It is common, at least in the social sciences, to categorize predictors as “strong” or “weak” according to how much variation in the dependent variable they predict. This is the statistics perspective. I understand the attractiveness of this, particularly when the point of the model is to “explain” what happens in the dependent variable. At the same time, I think this categorization can be a bit dangerous from a decision analytics standpoint.

Fair warning: I’m about to start oversimplifying things, for the sake of clarity (and to reduce how much typing I need to do). Suppose that I have a unidimensional measure \(L\) of learning outcomes and a unidimensional measure \(T\) of teacher quality. Suppose further that I posit a linear model (since I’m all about simplicity today) of the form

\(L = \alpha + \beta T + \epsilon\)

with \(\epsilon\) the “random noise” component (the aggregation of all things not related to teacher quality). Let’s assume that \(T\) and \(\epsilon\) are independent of each other, which gives me the usual (for regression) decomposition of variances:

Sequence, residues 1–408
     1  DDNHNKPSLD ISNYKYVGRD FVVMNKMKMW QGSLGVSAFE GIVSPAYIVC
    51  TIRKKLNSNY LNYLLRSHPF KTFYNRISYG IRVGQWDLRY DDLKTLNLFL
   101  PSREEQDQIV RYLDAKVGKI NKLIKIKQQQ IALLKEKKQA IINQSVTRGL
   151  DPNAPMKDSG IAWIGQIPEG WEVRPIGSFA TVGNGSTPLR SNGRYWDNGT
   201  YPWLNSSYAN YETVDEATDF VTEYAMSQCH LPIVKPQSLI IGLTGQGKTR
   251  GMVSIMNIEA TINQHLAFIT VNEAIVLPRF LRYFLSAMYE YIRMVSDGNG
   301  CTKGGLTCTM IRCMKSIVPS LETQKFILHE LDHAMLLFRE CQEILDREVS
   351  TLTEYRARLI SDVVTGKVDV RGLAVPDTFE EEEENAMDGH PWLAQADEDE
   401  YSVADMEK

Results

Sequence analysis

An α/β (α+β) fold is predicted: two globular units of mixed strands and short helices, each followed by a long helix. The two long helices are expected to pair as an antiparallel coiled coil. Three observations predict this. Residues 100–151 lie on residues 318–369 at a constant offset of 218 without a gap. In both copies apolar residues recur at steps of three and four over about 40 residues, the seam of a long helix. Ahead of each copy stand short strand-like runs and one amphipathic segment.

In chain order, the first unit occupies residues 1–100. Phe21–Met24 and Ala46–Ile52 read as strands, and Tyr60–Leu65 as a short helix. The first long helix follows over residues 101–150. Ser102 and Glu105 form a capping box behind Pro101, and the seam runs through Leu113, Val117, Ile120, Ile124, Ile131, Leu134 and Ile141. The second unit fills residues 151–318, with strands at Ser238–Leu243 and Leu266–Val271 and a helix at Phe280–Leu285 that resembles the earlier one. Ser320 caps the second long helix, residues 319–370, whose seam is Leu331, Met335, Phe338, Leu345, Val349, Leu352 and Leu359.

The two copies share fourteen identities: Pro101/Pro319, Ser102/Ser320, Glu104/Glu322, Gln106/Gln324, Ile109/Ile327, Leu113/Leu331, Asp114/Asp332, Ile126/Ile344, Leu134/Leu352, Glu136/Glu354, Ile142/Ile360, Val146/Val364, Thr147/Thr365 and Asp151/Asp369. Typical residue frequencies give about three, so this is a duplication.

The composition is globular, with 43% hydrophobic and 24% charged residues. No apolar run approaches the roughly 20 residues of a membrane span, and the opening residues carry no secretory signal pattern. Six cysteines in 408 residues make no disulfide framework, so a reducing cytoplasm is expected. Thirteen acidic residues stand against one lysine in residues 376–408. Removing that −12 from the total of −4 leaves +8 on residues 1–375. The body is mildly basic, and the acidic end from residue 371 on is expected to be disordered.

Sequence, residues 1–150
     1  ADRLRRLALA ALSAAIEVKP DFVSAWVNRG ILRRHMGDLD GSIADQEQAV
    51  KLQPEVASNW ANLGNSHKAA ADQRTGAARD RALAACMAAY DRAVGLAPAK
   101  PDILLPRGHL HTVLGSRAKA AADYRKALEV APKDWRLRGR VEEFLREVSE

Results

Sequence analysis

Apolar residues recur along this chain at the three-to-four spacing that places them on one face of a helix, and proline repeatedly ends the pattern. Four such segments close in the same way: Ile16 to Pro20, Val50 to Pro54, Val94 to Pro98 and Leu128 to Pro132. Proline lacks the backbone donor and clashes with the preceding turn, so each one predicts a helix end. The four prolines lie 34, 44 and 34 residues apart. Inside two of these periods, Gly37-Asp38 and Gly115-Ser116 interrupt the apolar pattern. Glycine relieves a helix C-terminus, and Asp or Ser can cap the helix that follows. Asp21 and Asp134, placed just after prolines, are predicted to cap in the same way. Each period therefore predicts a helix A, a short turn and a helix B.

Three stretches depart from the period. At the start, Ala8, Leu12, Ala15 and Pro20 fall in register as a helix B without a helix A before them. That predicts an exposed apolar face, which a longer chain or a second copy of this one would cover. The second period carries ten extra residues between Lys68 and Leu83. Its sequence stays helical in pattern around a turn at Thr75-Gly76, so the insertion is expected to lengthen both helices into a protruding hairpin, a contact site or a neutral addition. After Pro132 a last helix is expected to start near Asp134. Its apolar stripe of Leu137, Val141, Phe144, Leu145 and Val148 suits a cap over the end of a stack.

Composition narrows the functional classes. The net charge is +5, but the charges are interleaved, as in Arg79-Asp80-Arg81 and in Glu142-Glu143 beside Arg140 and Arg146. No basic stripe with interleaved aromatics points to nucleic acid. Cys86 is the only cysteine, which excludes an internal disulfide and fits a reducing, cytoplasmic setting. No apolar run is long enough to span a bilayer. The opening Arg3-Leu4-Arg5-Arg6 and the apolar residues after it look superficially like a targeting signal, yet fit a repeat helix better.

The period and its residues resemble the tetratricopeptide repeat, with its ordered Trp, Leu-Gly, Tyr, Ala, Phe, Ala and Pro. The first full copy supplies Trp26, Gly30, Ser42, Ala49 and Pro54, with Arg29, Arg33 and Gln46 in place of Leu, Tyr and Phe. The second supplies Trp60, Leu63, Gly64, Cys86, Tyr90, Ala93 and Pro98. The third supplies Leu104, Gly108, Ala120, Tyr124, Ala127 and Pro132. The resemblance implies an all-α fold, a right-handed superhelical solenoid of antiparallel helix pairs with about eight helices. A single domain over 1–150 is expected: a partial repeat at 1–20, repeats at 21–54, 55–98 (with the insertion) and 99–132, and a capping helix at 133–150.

\(\sigma_L^2 = \beta^2 \sigma_T^2 + \sigma_\epsilon^2.\)

From the research cited above, we expect to find \(\beta^2 \sigma_T^2\) to be about 8% of \(\sigma_L^2\).

Tell a decision analyst that the goal is to “improve learning”, and something all the lines of the following questions should arise:

- How do we measure “learning”? (Assume that’s our \(L\) here.)
- What is our goal (achieve the biggest bang on a fixed budget, achieve a fixed target at minimal cost, …)?
- Is the goal expressed in terms of mean result, median result, achievement by students at some fractile of the learning distribution (e.g., boost the bottom quartile of \(L\) to some level), or something else (e.g., beat those pesky Taiwanese kids on international math tests)? Reducing variance in \(L\), or the range of \(L\), could be a goal, but I doubt it would be many people’s first choice, since a uniform level of mediocrity would achieve it.
- What are our levers? Teacher quality (our \(T\)) would seem to be one. Improving other measures of school quality (infrastructure, information technology) might be another. We might also look at improving socioeconomic factors, either at the school (more free lunches or even breakfasts, more after-school activities, more security on the routes to and from the schools) or elsewhere (safer neighborhoods, better food security, more/better jobs, programs to support two-parent households, …).
- How much progress toward our goal do we get from feasible changes to each of those levers?
- What does it cost us to move those levers?